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KPMG predicts revolution in last-mile logistics
The development of autonomous delivery vehicles will revolutionize the consumer e-commerce environment, creating a new product delivery ecosystem over the next 20 years, according to a study released this fall by tax and advisory firm KPMG LLP.
The study forecasts a fulfillment system rooted in artificial intelligence and robotics, in which orders for goods are placed, received, communicated, then delivered via a fleet of autonomous vehicles to what the company refers to as "islands of autonomy"—metropolitan markets with unique mixes of consumer living, working and travel patterns that will require localized, tailored delivery services.
"E-commerce has been a tremor, but autonomous delivery vehicles now represent an earthquake of a magnitude not seen before," said Gary Silberg, KPMG's automotive sector leader. "With the push of a button, consumers will have their orders fulfilled far more efficiently than ever could be imagined because autonomous delivery will use cloud computer networking, natural language processing and artificial intelligence to deliver their orders at an unprecedented rate. For consumers, the delivery experience will go from next day to same day to next hour to even next minute."
Lower cost of delivery, accelerating fulfillment demand and a reduction in the number of personal vehicles in use will drive a "monumental change in consumer behavior," according to the study authors, and will transform automobile and transportation industries in key ways. Most notably, the study predicts that autonomous delivery vehicles will travel more than 78 billion miles per year by 2040. The authors emphasize the need for companies to develop local strategies for serving consumer needs in this new environment.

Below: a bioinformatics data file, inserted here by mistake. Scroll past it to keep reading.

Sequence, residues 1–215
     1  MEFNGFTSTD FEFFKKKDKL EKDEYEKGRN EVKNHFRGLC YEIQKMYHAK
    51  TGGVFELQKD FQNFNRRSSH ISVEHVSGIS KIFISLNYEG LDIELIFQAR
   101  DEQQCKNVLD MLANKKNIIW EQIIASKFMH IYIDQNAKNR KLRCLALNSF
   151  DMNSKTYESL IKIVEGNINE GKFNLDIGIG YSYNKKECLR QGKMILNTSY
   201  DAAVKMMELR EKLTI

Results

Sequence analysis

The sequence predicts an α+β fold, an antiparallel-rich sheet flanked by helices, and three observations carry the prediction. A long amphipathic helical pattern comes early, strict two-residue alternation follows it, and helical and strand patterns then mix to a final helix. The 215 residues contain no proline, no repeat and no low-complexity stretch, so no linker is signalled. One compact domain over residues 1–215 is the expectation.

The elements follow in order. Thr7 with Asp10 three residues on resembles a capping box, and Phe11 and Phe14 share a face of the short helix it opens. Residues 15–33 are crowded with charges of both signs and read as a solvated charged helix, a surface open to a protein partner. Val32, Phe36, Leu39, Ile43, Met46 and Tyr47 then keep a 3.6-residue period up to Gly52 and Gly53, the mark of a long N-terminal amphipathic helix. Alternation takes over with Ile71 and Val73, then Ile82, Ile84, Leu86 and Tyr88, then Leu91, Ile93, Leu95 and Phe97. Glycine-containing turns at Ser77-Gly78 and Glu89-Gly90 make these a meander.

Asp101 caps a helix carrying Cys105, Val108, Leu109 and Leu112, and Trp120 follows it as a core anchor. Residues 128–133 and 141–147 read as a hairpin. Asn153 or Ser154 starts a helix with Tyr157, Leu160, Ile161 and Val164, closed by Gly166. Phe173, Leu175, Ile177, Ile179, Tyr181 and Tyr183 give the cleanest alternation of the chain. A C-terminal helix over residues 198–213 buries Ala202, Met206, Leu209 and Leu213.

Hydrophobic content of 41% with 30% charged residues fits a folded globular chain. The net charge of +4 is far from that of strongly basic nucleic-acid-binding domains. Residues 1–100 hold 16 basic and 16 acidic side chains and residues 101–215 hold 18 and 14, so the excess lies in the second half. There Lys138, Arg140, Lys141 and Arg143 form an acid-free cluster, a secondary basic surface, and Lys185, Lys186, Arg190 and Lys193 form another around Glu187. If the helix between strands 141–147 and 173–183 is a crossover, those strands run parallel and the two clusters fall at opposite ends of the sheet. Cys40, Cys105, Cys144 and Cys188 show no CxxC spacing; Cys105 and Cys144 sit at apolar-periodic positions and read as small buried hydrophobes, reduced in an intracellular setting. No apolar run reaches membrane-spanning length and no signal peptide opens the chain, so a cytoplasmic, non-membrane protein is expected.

"Future delivery and retailing markets must be analyzed and developed locally if a business wants to excel," said Tom Mayor, KPMG's strategy lead for industrial manufacturing. "The winners will undertake, 'island-by-island' analyses of metro markets to understand residential densities, shopping patterns and the resulting, localized consumer time-and-convenience sensitivities that will determine the likely mix of next-day, same-day, same hour or 'get-it-myself' shopping. As a result, shopping and last-mile logistics will never be the same."
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